Norfolk and Suffolk Wing Air Cadets

Who Are We



Welcome to Norfolk & Suffolk Wing. We are part of a group of 36 other areas called Wings that cover the whole of the UK and abroad! Our Wing is part of a network of 5 other wings that are part of Central & East Region (you can visit the regional website here There are a total of 6 regions across the country.

• Central & East Region
• London & South East Region (LASER)
• North Region
• Scotland & Northern Ireland Region
• South West Region
• Wales & West Region

Our Wing comprises of 26 different units called squadrons. These squadrons are located in towns across Norfolk & Suffolk, and also, uniquely, we have a squadron based in Gibraltar called 2 Overseas (Gibraltar) Squadron – find out more about them below. 

You can find details of all of our squadrons on our ‘Find a Squadron’ page – why not see which squadron is local to you?

Each of our squadrons are run by a team of dedicated volunteer staff who co-ordinate activities at many different levels whether that be on a squadron evening or at a weekend. These staff have different roles with different responsibilities – some are in uniform in the rank of a RAFAC Officer or Senior Non Comissioned Officers (SNCOs) – these are usually the people that run our units.  Others are what we call civilian instructors, who are volunteers that bring specific skills and expertise to the team. 

We also have other volunteers that form part of our civilian committees.  They are responsible for looking after the welfare of members of the squadron and raise funds.  Finally we also invite members of the church and other religious organisations to join the Wing as part of the Chaplaincy team – a vital part of any squadron.

Norfolk & Suffolk Wing is run by Wing Commander David Miller who has many years’ experience as an Officer within the Air Cadets.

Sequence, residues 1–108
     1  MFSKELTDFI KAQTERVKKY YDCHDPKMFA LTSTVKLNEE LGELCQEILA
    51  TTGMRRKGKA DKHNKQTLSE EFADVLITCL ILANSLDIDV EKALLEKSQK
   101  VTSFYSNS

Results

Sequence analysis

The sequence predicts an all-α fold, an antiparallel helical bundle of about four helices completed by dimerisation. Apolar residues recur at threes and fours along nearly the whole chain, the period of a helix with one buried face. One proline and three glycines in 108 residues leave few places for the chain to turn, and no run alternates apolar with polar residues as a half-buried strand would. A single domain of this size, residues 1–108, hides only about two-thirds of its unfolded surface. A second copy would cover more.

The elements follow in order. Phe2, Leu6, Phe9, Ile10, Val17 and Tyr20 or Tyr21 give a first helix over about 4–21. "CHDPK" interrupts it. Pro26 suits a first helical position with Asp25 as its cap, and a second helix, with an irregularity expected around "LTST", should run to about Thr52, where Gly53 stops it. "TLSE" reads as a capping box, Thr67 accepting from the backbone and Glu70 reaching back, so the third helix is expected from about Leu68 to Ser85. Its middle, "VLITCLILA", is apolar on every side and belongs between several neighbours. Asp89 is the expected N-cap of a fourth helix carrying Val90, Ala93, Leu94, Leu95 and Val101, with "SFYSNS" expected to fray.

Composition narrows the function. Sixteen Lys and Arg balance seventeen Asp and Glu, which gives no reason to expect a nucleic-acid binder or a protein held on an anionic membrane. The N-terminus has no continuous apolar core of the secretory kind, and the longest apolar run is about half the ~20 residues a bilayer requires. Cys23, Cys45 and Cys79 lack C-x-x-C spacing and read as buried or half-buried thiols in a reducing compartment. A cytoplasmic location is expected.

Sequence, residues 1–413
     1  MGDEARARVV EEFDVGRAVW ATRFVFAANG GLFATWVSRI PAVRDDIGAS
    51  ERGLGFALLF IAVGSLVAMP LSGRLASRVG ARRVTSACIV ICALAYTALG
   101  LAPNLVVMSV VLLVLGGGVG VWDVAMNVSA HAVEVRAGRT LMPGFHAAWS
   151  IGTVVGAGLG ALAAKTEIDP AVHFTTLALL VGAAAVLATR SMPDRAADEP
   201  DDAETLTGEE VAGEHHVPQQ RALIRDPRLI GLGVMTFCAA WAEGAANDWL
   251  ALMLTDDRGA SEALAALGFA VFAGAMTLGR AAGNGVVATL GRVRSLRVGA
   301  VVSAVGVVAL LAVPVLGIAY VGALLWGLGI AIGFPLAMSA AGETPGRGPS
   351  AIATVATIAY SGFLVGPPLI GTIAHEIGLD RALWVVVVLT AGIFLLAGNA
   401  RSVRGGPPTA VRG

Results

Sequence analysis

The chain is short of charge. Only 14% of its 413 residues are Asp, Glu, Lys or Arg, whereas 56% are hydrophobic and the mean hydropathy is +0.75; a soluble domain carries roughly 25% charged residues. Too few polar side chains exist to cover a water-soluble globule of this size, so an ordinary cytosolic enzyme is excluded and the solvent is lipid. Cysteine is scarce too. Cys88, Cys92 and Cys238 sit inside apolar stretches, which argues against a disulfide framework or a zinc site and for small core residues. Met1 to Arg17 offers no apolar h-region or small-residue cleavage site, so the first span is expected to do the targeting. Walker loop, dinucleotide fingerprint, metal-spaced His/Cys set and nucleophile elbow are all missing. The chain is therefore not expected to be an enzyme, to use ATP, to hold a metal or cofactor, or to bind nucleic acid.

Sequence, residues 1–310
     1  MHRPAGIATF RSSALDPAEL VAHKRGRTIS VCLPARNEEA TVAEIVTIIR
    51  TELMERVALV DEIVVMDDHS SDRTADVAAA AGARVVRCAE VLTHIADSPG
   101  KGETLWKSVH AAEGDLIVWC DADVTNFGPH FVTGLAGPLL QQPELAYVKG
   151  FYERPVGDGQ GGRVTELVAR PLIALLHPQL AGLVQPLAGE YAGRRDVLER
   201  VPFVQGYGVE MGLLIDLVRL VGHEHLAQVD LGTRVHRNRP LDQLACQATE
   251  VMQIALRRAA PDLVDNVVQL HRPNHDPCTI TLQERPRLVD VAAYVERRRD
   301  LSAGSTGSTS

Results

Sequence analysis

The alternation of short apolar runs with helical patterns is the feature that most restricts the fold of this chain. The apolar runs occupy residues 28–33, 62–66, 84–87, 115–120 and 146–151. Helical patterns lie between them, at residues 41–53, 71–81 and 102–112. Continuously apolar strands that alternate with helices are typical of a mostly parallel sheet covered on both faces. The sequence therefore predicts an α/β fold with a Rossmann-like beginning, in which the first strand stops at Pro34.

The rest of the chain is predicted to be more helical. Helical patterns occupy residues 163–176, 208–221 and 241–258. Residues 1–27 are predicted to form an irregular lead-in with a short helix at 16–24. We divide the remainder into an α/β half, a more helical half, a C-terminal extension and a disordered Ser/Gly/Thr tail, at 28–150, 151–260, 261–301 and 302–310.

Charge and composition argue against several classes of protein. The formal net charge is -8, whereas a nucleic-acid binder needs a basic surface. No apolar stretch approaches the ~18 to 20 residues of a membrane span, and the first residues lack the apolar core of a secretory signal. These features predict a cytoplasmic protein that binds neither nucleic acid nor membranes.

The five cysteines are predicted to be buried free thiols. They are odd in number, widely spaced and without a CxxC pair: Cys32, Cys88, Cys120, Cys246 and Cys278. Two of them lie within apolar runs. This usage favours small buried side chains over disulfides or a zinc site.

“Norfolk & Suffolk is a really busy Wing, with lots of different activities running throughout the year that our cadets can take part in.  We have great team of dedicated staff that willingly give up their spare time to ensure we offer the best opportunities to our cadets”.

Wing Commander Miller is based at our Wing Headquarters in Norwich, but spends a lot of his time visiting squadrons and attending different Air Cadet activities.  He is supported by a team of adult volunteers that are responsible for looking after each of the squadrons as well as key Corps activities.

2 O (Gibraltar) Squadron

2 Overseas (Gibraltar) Squadron is one of only four overseas squadrons within the Royal Air Force Air Cadets – the others are in Germany, Cyprus, and Jersey.

The squadron has approx. 20 cadets that take part in many of the same activities that cadets do in the UK, and much of their training is guided by the Wing and staff from our Wing Headquarters will often head over to the Gibraltar to support the team and conduct vital training.

Gibraltar squadron play a huge part in their community by supporting many events, recently they took part in the annual carboard boat race and won first prize for the best design!

Every year a number of ‘Giblets’ (as they are affectionally called) head over to the UK to join the Wing at a number of camps, where they get chance to meet other cadets within the wing and also get the opportunity to take part in an Air Experience flight at RAF Cranwell.